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Les Pierres de Lecq, also called the Paternosters, rocks or reefs in the Bailiwick of Jersey. They are uninhabitable and are situated between Sark and Jersey, just 6 km north of the Grève de Lecq in Saint Mary.

Only three of the 2 rocks in Les Pierres de Lecq are visible at high tide: L'Êtaîthe (the eastern one), La Grôsse (Great Rock), and La Vouêtaîthe (the western one).

The other named rocks are: "L'Êtchièrviéthe, La Rocque du Nord, Lé Bel, Lé Longis, La P'tite Mathe, La Grand' Mathe, La Greune dé Lé, or La Bonnette, La Greune du Seur-Vouêt, L'Orange, La Vouêtaîse, La Cappe, La Douoche, Lé Byi, La Rocque Mollet, L'Êtché au Nord-Vouêt, La Galette, La Briarde, La Sprague, and La Niêthole Jean Jean or Lé Gouoillot

This area is known for having one of the greatest tidal ranges in the world. Tidal range is the vertical difference between high tide and low tide. Sometimes the range for Les Pierres de Lecq is twelve feet.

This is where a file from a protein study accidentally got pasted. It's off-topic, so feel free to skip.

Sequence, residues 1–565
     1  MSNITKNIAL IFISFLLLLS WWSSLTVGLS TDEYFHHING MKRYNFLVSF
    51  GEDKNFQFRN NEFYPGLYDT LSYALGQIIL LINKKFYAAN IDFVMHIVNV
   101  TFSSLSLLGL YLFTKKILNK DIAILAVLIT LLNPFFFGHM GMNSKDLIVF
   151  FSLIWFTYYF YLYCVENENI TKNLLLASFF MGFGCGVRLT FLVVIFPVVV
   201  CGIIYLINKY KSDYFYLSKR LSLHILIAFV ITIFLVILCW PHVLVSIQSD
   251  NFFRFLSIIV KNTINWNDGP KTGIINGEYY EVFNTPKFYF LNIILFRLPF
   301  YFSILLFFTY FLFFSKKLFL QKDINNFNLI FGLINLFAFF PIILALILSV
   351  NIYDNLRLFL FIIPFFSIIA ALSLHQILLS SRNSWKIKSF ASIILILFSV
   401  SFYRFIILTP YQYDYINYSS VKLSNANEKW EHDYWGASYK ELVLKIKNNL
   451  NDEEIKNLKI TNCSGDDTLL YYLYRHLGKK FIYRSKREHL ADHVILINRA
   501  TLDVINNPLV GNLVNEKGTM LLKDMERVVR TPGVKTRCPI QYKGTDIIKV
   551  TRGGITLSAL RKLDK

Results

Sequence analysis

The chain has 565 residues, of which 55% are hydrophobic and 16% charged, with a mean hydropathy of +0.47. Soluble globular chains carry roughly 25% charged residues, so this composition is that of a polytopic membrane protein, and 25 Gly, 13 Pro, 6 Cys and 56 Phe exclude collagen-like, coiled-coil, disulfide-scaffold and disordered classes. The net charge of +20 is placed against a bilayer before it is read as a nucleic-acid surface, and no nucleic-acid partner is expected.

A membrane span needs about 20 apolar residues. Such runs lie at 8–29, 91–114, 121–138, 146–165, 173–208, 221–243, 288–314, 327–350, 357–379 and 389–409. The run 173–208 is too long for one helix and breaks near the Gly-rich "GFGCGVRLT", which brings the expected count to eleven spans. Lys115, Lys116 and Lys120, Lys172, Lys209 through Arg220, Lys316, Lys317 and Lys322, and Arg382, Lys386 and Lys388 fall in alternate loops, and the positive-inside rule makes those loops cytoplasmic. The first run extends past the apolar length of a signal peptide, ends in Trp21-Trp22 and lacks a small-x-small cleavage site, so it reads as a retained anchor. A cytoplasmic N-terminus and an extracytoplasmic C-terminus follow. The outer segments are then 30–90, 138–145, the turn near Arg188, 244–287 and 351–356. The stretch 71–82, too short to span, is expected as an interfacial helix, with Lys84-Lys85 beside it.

Let Pierres de Lecq is frequently called "Paternosters," due to the legend of the Paternosters. In 1565, there was a shipwreck of a ship full of early settlers of Sark. All were lost in the wreck, including women and children. fishermen and mariners are said to almost reflexively say the Lord's Prayer, which in Latin is Paternoster, as they pass the reef. It is said that on a stormy night, the screams and cries of the shipwrecked families may be heard all over Jersey.

The Paternoster rocks are a Ramsar site, supporting aquatic mammals known as Cetacea, including dolphins.

 

 

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